“(1) A document is an exempt document if it is:
(a) a document that has been submitted to the Cabinet for its consideration or is proposed by a Minister to be so submitted, being a document that was brought into existence for the purpose of submission for consideration by the Cabinet;
(b) an official record of the Cabinet;
(c) a document that is a copy of, or of a part of, or contains an extract from, a document referred to in paragraph (a) or (b); or
(d) a document the disclosure of which would involve the disclosure of any deliberation or decision of the Cabinet, other than a document by which a decision of the Cabinet was officially published.”
28. It is possible to say by reference to the “Statement of Work” that preceded the Jackson report that that review was to “...provide a final report to the Minister for Finance and Deregulation (copied to the Prime Minister, Treasurer and relevant Portfolio Ministers) by 30 November 2009.” Reference to confidential exhibit 8, the terms of reference, does not lead us to conclude that any of the three reports were intended to be provided to the Cabinet or the Cabinet Office; in two instances the contrary is demonstrated.
29. It may be accepted that the SPBC commenced the process by which the reports, and the executive summaries, were eventually brought into existence however there is no evidence that the involvement of the SPBC went beyond that decision. Thus, we infer that officials determined the terms of reference for each report, determined an appropriate, and independent, external consultant to lead the process of the review and left to the judgement of the consultant the content of each report.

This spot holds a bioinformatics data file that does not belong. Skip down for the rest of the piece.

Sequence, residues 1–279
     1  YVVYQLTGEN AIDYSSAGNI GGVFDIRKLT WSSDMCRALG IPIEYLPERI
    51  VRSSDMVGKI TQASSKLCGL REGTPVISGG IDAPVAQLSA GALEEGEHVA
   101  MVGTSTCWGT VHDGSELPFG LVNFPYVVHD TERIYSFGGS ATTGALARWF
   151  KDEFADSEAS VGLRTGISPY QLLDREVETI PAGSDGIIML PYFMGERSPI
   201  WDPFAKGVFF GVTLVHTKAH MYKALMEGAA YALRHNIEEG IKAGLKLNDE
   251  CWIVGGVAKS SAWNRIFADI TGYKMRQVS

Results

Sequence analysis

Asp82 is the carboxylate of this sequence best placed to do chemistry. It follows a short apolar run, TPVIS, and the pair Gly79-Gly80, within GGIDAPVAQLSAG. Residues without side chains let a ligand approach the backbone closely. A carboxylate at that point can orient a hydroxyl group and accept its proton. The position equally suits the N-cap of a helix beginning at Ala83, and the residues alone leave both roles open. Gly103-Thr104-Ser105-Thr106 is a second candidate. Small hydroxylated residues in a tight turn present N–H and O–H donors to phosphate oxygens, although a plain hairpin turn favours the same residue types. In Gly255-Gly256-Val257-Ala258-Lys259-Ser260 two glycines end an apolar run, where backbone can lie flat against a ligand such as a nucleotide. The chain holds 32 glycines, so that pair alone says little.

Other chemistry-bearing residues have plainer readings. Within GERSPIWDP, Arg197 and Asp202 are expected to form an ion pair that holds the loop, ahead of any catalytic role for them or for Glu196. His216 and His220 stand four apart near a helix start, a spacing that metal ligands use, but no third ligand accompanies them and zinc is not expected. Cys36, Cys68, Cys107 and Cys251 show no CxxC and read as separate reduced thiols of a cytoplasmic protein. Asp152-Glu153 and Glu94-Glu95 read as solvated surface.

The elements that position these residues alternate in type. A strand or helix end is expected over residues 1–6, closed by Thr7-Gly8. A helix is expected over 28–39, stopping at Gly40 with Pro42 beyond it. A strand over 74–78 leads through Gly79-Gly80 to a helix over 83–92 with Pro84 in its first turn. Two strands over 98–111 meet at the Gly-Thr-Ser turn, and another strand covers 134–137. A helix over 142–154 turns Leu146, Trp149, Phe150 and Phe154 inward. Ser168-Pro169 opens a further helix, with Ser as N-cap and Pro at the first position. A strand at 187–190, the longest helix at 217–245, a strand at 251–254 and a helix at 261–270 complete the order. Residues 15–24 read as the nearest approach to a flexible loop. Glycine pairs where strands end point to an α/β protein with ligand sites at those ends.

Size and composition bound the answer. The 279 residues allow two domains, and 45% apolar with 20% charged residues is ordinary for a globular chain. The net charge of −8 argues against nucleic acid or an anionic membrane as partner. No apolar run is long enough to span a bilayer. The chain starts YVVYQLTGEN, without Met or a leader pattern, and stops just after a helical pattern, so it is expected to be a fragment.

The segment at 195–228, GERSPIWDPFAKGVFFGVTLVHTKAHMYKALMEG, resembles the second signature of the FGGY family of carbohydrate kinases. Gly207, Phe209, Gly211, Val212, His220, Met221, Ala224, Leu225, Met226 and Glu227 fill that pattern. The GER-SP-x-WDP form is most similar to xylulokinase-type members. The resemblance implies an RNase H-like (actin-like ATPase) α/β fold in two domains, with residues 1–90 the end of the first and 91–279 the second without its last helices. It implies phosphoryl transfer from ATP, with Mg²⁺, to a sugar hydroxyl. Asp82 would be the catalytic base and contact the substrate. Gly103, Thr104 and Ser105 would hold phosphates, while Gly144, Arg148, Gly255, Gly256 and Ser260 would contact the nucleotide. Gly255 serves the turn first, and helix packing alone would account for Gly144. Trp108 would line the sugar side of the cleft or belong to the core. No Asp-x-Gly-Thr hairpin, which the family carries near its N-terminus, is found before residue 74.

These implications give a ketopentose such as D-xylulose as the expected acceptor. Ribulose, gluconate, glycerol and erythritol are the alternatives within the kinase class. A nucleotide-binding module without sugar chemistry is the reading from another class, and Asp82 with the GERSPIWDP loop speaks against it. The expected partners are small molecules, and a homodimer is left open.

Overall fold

30. We are then left in the position where we are well short of being satisfied that the Executive Summaries of the three reports and Attachment C of the Johnston report were brought into existence for the purpose of submission for consideration by the Cabinet. There is no direct evidence of that being the purpose for which the documents were brought into existence and such evidence as there is, especially the notion of further consultation with affected agencies, is quite inconsistent with such a purpose.